We all lead in our lives. When we become parents, we automatically become leaders for our children. Or, at least, we had better be, if we do not want our families to disintegrate into chaos! Even as employees, we lead our employers when we express ideas for things, provide solutions to problems, or even by having an infectiously good attitude. The lowest person on a corporate totem pole can still make a difference.

      Their other philosophy is true leaders do not lead from charisma or attraction. They lead from a position of vision and service to the people they lead. The best and most lasting leaders are servant-leaders.

      Please look into the subject of leadership and the views of these authors a bit more. It will probably surprise you.


  2. Kathy –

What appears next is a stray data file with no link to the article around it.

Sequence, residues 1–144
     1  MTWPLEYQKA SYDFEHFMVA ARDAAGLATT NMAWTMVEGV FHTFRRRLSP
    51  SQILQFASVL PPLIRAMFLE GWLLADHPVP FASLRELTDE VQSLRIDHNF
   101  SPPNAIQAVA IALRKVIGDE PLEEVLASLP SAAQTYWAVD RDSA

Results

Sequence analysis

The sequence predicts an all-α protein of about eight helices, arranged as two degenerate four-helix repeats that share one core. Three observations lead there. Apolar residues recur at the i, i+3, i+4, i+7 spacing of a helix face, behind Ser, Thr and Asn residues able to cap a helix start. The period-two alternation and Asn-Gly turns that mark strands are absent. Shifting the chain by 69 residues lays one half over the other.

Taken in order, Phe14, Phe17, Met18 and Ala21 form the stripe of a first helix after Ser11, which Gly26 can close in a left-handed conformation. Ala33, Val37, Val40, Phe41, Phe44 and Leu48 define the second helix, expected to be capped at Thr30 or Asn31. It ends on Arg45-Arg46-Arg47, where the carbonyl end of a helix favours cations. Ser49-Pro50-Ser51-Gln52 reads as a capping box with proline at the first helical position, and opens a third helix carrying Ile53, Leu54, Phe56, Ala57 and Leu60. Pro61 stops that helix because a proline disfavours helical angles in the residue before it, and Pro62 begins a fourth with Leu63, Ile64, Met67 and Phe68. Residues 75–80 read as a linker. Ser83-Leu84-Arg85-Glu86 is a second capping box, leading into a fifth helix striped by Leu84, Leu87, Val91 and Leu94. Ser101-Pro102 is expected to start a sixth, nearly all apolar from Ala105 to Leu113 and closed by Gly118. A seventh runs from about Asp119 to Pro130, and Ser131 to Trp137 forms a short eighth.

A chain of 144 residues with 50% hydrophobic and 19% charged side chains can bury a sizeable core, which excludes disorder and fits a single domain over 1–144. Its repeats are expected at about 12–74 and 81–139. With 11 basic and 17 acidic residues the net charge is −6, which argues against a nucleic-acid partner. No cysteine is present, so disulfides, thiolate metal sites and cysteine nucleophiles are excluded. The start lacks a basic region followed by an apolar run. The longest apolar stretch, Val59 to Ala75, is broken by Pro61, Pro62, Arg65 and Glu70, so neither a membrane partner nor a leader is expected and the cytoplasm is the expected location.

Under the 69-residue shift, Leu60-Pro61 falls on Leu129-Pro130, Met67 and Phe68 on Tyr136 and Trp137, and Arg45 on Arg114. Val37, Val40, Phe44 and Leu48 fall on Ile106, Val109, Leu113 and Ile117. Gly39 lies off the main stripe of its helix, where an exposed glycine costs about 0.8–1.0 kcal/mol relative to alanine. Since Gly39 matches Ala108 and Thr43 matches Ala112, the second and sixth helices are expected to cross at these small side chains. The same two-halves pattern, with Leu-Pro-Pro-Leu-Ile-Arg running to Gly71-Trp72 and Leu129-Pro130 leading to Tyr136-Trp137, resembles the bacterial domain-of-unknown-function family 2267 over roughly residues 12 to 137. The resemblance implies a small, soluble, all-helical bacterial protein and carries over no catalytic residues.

Good points; I’ll be sure to check out your recommendation. Although your position has merit, I am of the opinion that not everyone can lead and leadership is definitely not for everyone. From an idealistic perspective, this might be true. However, this is not the world in which we live.

    Perhaps I should have qualified my claim a bit more by saying that not everyone can be an ‘effective’ leader. I can accept the desire to be inclusive and to encourage individuals to discover and develop their leadership skills to better themselves and those around them, but I simply do not belive that everyone is leader. The intention is good, but as the saying goes: ‘Even the road to hell is paved with good intentions’.

    Please keep in mind that every claim of fact can be challenged by an opposing OPINION or perspective, regardless of the credentials one holds or the source of the information. And everyone is entitled to an opinion, whether anyone agrees with it or not. That’s what fosters constructive conversation and the exchange of ideas.

    That said, we can respectfully agree to disagree, and I’ll look into your sugested readings with an open mind…perhaps a surprise might be in store.

    Thanks for the challenging exchange – Happy Holidays! .